7.51. ioctl VIDIOC_QUERYSTD, VIDIOC_SUBDEV_QUERYSTD¶
VIDIOC_QUERYSTD - VIDIOC_SUBDEV_QUERYSTD - Sense the video standard received by the current input
int ioctl(int fd, VIDIOC_QUERYSTD, v4l2_std_id *argp)
int ioctl(int fd, VIDIOC_SUBDEV_QUERYSTD, v4l2_std_id *argp)
File descriptor returned by
The hardware may be able to detect the current video standard automatically. To do so, applications call ioctl VIDIOC_QUERYSTD, VIDIOC_SUBDEV_QUERYSTD with a pointer to a v4l2_std_id type. The driver stores here a set of candidates, this can be a single flag or a set of supported standards if for example the hardware can only distinguish between 50 and 60 Hz systems. If no signal was detected, then the driver will return V4L2_STD_UNKNOWN. When detection is not possible or fails, the set must contain all standards supported by the current video input or output.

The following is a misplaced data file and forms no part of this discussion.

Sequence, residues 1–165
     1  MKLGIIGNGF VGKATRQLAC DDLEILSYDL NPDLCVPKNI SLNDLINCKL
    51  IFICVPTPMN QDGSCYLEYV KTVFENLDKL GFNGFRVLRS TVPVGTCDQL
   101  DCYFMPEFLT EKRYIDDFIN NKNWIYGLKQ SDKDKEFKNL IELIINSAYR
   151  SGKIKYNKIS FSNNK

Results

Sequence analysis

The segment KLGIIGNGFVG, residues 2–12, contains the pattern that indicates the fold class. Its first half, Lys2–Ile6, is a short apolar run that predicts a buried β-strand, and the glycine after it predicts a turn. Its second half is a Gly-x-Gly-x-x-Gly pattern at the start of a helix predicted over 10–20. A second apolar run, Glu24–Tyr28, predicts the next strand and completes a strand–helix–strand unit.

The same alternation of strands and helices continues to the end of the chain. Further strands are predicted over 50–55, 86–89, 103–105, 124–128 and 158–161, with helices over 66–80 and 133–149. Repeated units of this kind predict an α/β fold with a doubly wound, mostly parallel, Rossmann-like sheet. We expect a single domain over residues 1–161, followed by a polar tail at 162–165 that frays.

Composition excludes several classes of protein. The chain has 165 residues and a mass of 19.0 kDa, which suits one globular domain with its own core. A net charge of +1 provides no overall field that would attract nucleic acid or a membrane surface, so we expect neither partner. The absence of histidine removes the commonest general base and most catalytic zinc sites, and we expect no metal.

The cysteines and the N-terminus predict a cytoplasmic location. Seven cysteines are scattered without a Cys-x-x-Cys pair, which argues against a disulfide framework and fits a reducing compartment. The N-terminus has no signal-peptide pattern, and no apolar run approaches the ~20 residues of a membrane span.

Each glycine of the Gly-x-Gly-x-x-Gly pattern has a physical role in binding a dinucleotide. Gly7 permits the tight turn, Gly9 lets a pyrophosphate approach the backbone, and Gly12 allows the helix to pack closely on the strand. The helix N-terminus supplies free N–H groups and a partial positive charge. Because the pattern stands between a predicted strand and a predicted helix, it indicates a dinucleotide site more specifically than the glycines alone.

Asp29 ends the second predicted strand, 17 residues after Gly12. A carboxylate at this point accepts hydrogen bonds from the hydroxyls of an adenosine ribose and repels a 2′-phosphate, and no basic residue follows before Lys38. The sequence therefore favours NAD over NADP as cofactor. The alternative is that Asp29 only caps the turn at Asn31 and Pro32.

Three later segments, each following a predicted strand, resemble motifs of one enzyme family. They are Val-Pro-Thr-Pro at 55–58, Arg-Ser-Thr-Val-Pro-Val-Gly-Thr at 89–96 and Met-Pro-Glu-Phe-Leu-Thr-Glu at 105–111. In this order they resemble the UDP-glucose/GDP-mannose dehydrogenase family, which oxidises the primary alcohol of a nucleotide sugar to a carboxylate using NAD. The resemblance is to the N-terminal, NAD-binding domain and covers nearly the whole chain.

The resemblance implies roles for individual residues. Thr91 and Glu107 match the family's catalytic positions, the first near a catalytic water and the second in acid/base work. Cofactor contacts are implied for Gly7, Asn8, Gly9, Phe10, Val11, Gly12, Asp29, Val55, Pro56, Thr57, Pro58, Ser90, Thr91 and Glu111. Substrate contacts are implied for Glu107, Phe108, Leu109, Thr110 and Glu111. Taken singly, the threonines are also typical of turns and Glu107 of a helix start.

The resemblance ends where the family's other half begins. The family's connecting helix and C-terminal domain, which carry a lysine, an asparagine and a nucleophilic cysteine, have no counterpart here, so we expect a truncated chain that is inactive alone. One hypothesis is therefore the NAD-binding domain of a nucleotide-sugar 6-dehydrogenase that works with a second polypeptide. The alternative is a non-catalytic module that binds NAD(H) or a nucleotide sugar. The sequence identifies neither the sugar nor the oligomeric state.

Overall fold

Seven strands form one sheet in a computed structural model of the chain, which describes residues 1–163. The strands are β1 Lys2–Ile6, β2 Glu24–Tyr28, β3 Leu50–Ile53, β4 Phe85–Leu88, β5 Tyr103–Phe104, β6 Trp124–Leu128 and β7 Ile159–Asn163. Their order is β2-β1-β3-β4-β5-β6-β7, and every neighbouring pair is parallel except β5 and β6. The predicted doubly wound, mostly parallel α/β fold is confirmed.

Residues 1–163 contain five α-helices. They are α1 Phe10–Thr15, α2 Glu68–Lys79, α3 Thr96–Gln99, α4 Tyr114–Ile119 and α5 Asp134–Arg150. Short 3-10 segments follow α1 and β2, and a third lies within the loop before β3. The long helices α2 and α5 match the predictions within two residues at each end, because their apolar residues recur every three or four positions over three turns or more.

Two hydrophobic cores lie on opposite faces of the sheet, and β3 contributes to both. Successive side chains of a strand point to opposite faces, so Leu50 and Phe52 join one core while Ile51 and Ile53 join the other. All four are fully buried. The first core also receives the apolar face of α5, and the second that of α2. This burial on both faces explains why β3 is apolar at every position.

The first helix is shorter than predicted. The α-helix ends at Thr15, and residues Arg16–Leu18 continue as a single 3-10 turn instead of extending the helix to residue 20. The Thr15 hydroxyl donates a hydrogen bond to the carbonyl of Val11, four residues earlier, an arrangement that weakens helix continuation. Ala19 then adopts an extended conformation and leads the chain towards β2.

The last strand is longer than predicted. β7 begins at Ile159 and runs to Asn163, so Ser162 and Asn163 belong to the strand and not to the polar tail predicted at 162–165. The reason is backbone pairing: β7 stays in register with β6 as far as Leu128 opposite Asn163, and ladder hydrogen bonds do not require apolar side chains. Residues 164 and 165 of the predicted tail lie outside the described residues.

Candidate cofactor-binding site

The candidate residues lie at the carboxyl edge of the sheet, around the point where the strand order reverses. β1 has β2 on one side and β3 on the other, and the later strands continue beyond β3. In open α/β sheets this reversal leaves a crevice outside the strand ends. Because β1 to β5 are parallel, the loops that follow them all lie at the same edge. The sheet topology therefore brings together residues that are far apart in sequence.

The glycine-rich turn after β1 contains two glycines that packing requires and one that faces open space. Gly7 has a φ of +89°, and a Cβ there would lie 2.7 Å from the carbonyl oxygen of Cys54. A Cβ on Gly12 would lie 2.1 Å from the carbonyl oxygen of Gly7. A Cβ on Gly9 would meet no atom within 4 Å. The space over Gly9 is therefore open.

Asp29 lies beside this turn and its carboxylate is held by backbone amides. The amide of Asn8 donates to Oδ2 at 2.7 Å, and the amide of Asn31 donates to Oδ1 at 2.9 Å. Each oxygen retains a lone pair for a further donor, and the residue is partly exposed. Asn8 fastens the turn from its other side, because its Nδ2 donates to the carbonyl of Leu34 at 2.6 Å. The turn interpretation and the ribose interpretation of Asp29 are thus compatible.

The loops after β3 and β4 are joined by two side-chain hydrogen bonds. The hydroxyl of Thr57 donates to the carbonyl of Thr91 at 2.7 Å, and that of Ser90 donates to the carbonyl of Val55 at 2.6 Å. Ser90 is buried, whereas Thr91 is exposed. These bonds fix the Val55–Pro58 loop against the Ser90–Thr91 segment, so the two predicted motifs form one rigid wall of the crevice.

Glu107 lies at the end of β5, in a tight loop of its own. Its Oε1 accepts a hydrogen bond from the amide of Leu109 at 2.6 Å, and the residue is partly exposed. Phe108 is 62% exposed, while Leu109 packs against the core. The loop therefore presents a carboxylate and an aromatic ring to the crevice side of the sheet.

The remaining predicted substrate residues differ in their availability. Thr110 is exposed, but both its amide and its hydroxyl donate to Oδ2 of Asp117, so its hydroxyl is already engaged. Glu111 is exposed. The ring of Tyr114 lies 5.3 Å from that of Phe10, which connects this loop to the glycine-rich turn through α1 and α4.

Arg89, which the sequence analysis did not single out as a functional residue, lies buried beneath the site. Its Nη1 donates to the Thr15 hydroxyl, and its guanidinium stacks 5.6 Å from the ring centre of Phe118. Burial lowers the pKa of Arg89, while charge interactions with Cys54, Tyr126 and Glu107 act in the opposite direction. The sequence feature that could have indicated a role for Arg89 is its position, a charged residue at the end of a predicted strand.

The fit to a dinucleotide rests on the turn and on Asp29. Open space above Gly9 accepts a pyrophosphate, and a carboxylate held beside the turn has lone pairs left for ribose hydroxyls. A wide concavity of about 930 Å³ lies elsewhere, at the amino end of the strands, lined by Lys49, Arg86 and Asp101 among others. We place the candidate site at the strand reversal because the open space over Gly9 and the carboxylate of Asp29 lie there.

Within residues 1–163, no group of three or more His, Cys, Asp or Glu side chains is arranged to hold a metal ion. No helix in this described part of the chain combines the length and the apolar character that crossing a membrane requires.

Drivers shall not switch the video standard
automatically if a new video standard is detected. Instead, drivers
should send the
V4L2_EVENT_SOURCE_CHANGE event (if they support
this) and expect that userspace will take action by calling
ioctl VIDIOC_QUERYSTD, VIDIOC_SUBDEV_QUERYSTD. The reason is that a new video standard can mean
different buffer sizes as well, and you cannot change buffer sizes on
the fly. In general, applications that receive the Source Change event
will have to call ioctl VIDIOC_QUERYSTD, VIDIOC_SUBDEV_QUERYSTD, and if the detected video
standard is valid they will have to stop streaming, set the new
standard, allocate new buffers and start streaming again.
7.51.5. Return Value¶
On success 0 is returned, on error -1 and the
errno variable is set
appropriately. The generic error codes are described at the
Generic Error Codes chapter.
Standard video timings are not supported for this input or output.